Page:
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A coffee-cup calorimeter of the type shown in Figure 5.17 contains 150.0 g of water at 25.1°C. A 121.0-g block of copper metal is heated to 100.4°C by putting it in a beaker of boiling water. The specific heat of Cu(s) is 0.385 J/g•K. The Cu is added to the calorimeter, and after a time the contents of the cup reach a constant temperature of 30.1°C. (a) Determine the amount of heat, in J, lost by the copper block.

 

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A house is designed to have passive solar energy features. Brickwork incorporated into the interior of the house acts as a heat absorber. Each brick weighs approximately 1.8 kg. The specific heat of the brick is 0.85 J/g-K. How many bricks must be incorporated into the interior of the house to provide the same total heat capacity as 1.7 x 103 gal of water?

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Limestone stalactites and stalagmites are formed in caves by the following reaction:

Ca2+ (aq) + 2 HCO3– (aq) → CaCO(s) + CO2 (g) + H2O (l)

If 1 mol of CaCO3 forms at 298 K under 1 atm pressure, the reaction performs 2.47 kJ of P-V work, pushing back the atmosphere as the gaseous CO2 forms. At the same time, 38.95 kJ of heat is absorbed from the environment. What are the values of ΔH and of ΔE for this reaction?

 

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Suppose an Olympic diver who weighs 52.0 kg executes a straight dive from a 10-m platform. At the apex of the dive, the diver is 10.8 m above the surface of the water. (c) Does the diver do work on entering the water? Explain.

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Suppose an Olympic diver who weighs 52.0 kg executes a straight dive from a 10-m platform. At the apex of the dive, the diver is 10.8 m above the surface of the water. (b) Assuming that all the potential energy of the diver is converted into kinetic energy at the surface of the water, at what speed in m/s will the diver enter the water?

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Suppose an Olympic diver who weighs 52.0 kg executes a straight dive from a 10-m platform.At the apex of the dive, the diver is 10.8 m above the surface of the water. (a) What is the potential energy of the diver at the apex of the dive, relative to the surface of the water?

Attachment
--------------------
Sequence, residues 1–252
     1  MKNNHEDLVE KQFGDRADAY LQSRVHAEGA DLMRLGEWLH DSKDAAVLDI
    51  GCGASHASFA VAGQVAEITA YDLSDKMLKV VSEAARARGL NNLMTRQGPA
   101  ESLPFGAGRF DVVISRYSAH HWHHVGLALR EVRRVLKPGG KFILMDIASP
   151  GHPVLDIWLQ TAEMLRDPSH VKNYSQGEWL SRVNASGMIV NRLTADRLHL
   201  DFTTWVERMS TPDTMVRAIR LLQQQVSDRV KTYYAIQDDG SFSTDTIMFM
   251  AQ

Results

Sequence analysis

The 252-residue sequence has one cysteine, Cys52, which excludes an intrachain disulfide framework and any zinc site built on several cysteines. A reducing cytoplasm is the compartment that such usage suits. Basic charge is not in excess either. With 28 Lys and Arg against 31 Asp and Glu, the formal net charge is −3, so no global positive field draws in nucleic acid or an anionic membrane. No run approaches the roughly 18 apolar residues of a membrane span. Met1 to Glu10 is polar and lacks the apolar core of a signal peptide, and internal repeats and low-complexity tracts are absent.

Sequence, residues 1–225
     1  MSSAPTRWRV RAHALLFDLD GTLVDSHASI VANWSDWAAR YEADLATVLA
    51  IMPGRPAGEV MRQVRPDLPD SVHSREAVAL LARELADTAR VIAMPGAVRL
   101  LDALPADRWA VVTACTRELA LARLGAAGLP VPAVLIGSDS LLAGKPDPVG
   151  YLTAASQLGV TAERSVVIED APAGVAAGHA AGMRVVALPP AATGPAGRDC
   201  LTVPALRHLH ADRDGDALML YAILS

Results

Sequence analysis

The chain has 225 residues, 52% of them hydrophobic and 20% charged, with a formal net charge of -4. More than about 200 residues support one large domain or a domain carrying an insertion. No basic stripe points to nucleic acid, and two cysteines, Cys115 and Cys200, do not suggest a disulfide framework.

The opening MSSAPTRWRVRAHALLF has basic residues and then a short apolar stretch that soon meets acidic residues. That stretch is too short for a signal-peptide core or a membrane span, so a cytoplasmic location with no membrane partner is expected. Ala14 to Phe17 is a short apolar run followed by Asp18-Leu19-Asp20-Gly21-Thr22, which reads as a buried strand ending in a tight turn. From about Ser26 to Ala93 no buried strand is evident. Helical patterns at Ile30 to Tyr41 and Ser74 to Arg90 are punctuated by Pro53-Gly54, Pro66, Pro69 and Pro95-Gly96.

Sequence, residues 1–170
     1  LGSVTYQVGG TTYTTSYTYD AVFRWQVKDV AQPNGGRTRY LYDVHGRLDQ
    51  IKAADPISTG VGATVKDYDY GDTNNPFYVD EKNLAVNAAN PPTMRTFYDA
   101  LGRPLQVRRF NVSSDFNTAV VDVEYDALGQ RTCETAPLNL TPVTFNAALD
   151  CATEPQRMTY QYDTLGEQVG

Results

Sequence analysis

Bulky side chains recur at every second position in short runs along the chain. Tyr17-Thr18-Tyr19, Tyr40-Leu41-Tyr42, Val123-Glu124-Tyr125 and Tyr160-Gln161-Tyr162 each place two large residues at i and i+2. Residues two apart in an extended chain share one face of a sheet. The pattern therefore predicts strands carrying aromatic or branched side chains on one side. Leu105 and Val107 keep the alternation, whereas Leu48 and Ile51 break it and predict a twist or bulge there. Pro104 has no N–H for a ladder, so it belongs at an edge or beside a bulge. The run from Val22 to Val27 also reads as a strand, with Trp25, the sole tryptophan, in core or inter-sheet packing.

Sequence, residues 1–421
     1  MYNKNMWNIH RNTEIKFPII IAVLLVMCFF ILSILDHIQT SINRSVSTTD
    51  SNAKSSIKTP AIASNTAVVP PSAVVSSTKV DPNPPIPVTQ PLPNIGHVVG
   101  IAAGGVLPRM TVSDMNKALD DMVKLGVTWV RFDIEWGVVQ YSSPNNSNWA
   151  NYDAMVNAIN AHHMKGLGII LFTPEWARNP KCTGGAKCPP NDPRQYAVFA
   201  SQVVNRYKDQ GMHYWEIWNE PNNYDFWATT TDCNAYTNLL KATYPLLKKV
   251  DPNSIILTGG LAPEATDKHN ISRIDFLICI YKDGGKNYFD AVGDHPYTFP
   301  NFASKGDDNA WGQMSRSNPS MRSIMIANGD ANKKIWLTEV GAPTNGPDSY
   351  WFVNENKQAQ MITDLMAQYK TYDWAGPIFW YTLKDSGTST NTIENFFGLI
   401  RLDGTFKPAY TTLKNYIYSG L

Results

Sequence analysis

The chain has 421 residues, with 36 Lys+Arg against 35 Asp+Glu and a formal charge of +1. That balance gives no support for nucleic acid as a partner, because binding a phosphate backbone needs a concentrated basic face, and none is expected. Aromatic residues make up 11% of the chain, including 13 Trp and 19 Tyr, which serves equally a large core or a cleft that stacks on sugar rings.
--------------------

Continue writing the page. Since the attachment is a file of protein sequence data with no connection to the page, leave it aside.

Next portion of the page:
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At 20°C (approximately room temperature) the average velocity of N 2 molecules in air is 1050 mph. (b) What is the kinetic energy (in J) of an N2 molecule moving at this speed?

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At 20°C (approximately room temperature) the average velocity of N 2 molecules in air is 1050 mph. (a) What is the average speed in m/s?

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Methanol (CH3OH) is used as a fuel in race cars. (d) Calculate the mass of CO2 produced per kJ of heat emitted. 

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Methanol (CH3OH) is used as a fuel in race cars. (c) Calculate the heat produced by combustion per liter of methanol. Methanol has a density of 0.791 g/mL.

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Methanol (CH3OH) is used as a fuel in race cars. (b) Calculate the standard enthalpy change for the reaction, assuming H2O(g) as a product.

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Methanol (CH3OH) is used as a fuel in race cars. (a) Write a balanced equation for the combustion of liquid methanol in air.

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Naphthalene (C10H8) is a solid aromatic compound often sold as mothballs. The complete combustion of this substance to yield CO2(g) and H2O(/) at 25°C yields 5154 kJ/mol. (b) Calculate the standard enthalpy of formation of naphthalene.